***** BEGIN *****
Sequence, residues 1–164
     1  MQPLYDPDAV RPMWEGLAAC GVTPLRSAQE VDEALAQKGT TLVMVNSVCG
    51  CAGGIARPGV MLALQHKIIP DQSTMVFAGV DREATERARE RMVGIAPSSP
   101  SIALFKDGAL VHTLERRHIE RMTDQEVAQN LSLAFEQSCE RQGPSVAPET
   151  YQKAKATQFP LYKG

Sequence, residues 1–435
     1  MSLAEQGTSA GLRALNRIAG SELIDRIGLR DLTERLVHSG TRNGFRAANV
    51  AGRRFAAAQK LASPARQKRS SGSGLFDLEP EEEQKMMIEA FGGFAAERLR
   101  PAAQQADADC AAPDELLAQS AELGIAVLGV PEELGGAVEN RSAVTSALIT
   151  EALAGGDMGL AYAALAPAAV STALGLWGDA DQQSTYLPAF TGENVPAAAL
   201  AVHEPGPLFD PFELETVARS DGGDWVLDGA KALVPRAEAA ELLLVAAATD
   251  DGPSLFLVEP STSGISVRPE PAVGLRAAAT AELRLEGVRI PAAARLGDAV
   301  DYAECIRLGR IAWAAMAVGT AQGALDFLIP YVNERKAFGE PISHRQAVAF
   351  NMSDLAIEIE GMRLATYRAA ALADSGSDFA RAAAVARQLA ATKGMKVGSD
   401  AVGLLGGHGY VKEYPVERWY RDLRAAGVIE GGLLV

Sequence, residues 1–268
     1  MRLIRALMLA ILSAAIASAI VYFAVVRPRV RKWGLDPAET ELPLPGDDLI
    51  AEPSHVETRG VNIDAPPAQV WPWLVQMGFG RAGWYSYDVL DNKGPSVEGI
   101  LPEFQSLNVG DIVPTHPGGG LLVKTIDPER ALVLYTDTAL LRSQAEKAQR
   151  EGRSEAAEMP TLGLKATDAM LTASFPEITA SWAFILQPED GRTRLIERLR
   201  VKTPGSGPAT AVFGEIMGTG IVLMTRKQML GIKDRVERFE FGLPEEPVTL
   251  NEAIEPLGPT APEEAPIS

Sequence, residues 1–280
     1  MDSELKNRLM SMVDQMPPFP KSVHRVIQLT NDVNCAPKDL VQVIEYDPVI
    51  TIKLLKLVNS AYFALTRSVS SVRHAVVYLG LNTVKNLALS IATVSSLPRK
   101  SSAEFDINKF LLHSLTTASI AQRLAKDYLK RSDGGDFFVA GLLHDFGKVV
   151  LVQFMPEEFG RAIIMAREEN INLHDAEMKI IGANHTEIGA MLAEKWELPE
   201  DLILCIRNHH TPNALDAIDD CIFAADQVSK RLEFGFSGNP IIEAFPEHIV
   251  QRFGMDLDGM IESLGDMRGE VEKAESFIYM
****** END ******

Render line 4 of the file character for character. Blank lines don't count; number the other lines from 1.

   101  SIALFKDGAL VHTLERRHIE RMTDQEVAQN LSLAFEQSCE RQGPSVAPET